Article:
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Publication Title | Basics of Alternating Current Electricity Part One—Sine Waves

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Basic Electric

Basics of Alternating

Current Electricity

Part One—Sine Waves

Richard Perez

©1996 Richard Perez Renewable energy systems have

always been big users of direct

current (DC) electricity. PV modules make DC electricity and DC electricity is what batteries store. With the advent of modern power inverters, however, more and more RE systems are using most of their power as alternating current (ac), just like everyone who lives on the grid. Understanding the basics of alternating current is simple—it’s really just a matter of timing...

Changes

Direct current electricity is constant and consistent. Current flow is unidirectional. Voltage polarity is rigid— positive is positive and negative is negative and that’s that. If you are not familiar with direct current electricity,

then read Ben Root’s article beginning on page 64 of this issue. You will need the concepts and terminology there to understand what you will read here.

When we enter the realm of alternating current (ac) everything changes. And I mean everything—voltage, current and even the concept known as resistance in DC electricity. The static world of direct current is lost in a sea of changes.

Fortunately the world of alternating current has its own consistencies. Sound confusing? Well, it can be. Alternating current electricity is constantly changing. Current flow and voltage vary by the millisecond. But these constantly changing electric manifestations follow a regular and repeating pattern. It is in the structure of this endlessly repeating pattern that ac electricity reveals its secrets. It’s just a matter of waves and timing.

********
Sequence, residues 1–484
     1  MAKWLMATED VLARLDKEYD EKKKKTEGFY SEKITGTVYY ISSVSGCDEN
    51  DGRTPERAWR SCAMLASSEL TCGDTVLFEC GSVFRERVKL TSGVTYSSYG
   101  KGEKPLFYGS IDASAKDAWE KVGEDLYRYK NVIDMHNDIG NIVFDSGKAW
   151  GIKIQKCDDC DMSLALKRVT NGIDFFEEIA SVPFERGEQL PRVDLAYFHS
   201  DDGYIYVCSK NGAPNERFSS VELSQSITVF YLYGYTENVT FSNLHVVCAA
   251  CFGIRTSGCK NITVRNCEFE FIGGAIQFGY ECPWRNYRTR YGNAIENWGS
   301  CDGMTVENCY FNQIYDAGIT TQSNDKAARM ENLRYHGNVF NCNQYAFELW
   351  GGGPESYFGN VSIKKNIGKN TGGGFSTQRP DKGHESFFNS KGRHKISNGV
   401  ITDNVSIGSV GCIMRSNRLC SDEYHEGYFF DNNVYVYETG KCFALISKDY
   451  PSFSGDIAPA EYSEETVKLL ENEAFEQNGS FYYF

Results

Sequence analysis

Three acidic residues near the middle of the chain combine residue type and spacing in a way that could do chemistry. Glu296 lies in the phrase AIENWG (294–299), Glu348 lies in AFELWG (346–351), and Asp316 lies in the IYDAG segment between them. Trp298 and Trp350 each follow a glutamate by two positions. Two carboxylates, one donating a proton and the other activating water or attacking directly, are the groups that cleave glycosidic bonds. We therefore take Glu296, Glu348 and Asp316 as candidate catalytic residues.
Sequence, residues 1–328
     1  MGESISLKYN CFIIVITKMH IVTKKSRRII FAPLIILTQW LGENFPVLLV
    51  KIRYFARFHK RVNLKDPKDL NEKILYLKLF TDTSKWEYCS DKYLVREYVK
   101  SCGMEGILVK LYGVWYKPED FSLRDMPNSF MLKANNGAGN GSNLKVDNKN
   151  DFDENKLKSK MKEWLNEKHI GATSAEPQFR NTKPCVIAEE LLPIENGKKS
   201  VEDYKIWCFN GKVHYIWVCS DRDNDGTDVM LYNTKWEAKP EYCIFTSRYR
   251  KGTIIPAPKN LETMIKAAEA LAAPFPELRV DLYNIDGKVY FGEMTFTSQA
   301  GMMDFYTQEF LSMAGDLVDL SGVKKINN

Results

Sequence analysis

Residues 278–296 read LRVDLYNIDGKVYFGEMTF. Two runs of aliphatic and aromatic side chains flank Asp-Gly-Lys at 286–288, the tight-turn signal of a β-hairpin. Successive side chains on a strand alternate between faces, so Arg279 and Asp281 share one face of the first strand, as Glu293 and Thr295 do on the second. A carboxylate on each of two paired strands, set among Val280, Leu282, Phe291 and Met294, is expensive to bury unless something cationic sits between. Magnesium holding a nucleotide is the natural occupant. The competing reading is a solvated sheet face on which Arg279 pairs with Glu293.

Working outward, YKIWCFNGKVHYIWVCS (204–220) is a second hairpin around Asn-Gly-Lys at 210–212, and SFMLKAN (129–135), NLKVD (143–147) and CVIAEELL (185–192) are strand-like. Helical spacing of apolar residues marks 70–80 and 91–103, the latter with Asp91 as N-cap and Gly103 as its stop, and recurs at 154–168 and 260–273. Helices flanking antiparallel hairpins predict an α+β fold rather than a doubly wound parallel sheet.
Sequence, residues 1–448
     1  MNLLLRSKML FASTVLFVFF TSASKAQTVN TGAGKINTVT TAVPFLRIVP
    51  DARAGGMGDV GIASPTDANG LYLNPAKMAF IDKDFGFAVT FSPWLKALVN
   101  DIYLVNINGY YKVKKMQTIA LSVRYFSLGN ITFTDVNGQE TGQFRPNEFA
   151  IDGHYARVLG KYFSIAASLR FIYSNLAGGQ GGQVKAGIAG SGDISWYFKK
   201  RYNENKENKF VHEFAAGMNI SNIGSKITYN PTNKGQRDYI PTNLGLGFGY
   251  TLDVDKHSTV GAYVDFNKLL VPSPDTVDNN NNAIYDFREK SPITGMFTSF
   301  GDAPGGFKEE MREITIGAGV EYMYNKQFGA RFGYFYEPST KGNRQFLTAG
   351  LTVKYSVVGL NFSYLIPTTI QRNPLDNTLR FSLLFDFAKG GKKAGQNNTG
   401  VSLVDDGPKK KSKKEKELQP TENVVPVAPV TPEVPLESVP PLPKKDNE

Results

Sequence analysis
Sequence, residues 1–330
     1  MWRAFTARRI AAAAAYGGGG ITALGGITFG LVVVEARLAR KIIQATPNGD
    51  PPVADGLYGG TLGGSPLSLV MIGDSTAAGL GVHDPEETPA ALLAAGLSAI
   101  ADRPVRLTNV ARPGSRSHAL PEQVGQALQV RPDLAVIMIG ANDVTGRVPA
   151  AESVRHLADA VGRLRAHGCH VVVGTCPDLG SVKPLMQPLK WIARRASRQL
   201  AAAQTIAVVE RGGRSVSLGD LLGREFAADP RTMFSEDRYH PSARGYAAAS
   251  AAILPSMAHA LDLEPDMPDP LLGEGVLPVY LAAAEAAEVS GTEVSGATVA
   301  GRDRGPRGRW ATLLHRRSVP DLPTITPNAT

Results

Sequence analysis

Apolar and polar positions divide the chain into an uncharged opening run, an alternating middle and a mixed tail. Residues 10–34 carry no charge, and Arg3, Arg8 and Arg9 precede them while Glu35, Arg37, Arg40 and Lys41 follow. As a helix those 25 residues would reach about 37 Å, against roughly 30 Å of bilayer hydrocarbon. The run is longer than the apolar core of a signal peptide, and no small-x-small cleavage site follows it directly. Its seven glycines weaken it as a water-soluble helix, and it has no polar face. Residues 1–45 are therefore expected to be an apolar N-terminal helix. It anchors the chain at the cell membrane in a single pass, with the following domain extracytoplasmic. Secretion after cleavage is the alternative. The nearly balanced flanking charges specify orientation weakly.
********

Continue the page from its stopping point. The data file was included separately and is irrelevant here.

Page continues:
Waves

Alternating current is based on sinusoidal waves. These sinusoidal waveforms betray ac electricity’s beginnings in rotational motion. Rotary ac alternators produce power with sine wave characteristics. Before understanding ac electricity, it is first necessary to understand the sine wave and how it behaves.

A sine wave is derived from angular motion. Imagine a circle with a rotating radius, exactly like a clock’s face with only a minute hand. As the hand ticks off the time, the angle between the hand and the horizontal 9 o’clock axis changes. The height of the hand’s pointer above the horizontal axis also changes. The sine of the angle at any point is the height of the point above the horizontal axis divided by the radius of the circle.

Figure 1

h4

h2

r

h3=r

r

h4

h2

h3=r

h1

r

r

h5

h1

h5

h8

r

h7=r

r

h6

h6

h7=r

h8

74 Home Power #52 • April / May 1996

Image | Basics of Alternating Current Electricity Part One—Sine Waves



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